Hydrangeas Ready For Grooming

This florist hydrangea needs pruning to look its best at bloom time.

Remove the dead stems and those that have not put out any leaves.

Remove the stem down to slightly above the new green foliage using pruners.

All you hear is “do not prune florist hydrangeas in early spring.”  Guess what? Now is the time to do what I call dead stem removal pruning. Mine have two types of dead stems. First, those that die all the way to the crown of the plant and need to be removed completely, and second, those that have partially died back to a green shoot. For these, cut the stem slightly above the new foliage that has appeared on the stem. Once this is done, and often times by now flower buds are forming, I stand back and do a visual assessment of the plant. This is when I remove stray or awkward looking stems. While this is certainly not necessary, I like my plants to have an attractive full shape in my garden because I am not growing them for cut flowers. This is also a great time to fertilizer these plant with a good fertilizer like 15-0-15, which is recommended for most of the metro area. Keep these beauties watered and enjoy the beautiful blooms starting next month.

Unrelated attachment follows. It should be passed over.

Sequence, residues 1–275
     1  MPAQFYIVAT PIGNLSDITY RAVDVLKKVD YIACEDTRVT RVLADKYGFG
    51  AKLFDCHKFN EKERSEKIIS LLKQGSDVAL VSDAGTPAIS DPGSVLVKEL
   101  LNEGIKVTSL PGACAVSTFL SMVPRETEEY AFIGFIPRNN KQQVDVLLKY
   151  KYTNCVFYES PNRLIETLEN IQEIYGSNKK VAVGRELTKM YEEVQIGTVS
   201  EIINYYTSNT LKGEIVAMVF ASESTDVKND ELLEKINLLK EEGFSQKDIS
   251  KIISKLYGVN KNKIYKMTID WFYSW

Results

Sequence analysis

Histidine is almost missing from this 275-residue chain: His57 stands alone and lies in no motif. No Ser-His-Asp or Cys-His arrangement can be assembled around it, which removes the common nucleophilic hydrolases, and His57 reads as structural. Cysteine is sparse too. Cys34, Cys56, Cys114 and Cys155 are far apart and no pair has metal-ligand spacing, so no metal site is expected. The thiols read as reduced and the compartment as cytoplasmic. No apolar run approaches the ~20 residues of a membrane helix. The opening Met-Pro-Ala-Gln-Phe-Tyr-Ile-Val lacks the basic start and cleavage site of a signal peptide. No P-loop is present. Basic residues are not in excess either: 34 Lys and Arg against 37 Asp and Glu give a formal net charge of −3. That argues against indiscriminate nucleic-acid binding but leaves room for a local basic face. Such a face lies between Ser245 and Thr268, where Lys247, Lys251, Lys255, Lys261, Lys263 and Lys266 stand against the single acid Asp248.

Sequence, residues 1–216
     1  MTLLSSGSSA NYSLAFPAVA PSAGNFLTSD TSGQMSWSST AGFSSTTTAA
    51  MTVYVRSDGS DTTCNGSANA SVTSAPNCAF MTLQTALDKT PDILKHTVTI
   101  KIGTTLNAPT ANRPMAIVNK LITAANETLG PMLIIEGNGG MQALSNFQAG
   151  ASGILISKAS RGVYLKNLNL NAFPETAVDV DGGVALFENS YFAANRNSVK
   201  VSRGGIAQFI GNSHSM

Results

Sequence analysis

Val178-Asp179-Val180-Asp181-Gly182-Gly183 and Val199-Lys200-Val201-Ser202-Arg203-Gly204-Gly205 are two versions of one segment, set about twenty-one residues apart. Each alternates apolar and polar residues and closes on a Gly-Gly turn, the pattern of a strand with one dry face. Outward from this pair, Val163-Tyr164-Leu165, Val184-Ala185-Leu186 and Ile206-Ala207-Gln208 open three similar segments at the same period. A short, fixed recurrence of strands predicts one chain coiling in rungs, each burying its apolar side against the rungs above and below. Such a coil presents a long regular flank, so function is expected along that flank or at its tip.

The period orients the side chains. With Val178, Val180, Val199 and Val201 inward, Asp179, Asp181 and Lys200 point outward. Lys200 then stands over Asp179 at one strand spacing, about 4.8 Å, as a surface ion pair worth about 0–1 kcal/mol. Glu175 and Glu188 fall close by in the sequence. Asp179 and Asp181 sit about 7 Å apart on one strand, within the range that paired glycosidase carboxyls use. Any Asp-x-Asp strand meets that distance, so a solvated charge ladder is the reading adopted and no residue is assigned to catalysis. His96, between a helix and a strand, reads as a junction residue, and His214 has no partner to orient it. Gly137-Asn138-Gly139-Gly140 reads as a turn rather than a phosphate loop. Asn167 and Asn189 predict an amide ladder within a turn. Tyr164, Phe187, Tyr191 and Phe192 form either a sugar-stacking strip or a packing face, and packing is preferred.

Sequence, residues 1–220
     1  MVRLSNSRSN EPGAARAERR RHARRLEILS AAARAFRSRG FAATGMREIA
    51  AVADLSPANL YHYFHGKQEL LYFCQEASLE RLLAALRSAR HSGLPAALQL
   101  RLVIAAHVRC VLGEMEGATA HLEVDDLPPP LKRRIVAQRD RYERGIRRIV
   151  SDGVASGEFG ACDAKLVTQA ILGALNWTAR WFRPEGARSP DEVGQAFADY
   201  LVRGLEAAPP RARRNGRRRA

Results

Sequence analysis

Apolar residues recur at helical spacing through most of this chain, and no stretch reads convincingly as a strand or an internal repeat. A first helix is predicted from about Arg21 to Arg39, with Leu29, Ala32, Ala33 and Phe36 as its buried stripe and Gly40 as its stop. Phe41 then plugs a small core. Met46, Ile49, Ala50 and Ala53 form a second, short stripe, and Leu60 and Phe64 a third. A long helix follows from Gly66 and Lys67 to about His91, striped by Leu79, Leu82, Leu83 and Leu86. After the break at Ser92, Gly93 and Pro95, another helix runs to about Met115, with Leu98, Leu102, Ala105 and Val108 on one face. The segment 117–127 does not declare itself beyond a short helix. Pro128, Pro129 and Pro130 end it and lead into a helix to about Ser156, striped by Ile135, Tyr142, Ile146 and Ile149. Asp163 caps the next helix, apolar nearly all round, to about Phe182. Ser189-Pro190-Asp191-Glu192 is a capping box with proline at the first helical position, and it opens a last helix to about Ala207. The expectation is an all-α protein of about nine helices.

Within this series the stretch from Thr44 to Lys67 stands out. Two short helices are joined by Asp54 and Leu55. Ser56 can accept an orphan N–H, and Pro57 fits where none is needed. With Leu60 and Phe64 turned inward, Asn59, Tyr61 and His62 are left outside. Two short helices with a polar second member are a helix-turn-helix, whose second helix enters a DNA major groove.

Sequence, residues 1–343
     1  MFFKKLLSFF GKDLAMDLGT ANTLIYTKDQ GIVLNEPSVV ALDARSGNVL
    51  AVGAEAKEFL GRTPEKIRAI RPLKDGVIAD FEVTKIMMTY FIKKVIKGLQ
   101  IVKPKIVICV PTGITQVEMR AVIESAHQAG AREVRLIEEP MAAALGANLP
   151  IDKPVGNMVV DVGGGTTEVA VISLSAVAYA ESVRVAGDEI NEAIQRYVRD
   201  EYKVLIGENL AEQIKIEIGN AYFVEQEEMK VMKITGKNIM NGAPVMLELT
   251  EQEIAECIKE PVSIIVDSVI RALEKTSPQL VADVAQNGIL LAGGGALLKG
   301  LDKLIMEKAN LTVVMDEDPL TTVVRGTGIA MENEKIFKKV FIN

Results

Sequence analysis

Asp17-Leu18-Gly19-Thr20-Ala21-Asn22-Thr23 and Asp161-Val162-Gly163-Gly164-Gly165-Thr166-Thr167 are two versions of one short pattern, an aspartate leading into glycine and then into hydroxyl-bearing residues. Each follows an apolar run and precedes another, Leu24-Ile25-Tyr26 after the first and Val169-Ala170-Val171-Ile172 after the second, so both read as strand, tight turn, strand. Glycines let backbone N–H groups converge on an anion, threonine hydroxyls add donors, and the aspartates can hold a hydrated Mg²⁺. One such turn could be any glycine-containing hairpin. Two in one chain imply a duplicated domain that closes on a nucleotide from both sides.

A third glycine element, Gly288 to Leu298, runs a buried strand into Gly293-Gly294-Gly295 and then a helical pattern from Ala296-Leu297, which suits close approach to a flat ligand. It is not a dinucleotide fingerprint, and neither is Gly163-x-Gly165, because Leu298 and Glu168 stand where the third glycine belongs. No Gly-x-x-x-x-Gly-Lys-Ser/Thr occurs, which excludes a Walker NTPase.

John Floyd

John Floyd has been gardening--and learning about Birmingham area gardening--for more than 30 years. In addition to his day-to-day experience, John has degrees in horticulture from Auburn and Clemson Universities and was Editor-in-Chief of Southern Living.

3 thoughts on “Hydrangeas Ready For Grooming

  1. We fertilized with a small amount of 10-10-10 around April 1st. Would it be okay to add a small amount of 15-0-15 now?

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